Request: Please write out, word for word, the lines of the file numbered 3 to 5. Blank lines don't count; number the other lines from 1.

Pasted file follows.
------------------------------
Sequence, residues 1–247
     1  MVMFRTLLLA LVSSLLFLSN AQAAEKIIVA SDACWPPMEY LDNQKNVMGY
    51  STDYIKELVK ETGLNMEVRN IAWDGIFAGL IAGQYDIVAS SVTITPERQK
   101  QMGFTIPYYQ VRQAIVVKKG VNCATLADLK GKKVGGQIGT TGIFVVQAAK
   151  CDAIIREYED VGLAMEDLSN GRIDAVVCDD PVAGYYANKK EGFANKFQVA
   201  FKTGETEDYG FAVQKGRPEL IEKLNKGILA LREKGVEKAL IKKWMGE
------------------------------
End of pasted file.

    51  STDYIKELVK ETGLNMEVRN IAWDGIFAGL IAGQYDIVAS SVTITPERQK
   101  QMGFTIPYYQ VRQAIVVKKG VNCATLADLK GKKVGGQIGT TGIFVVQAAK
   151  CDAIIREYED VGLAMEDLSN GRIDAVVCDD PVAGYYANKK EGFANKFQVA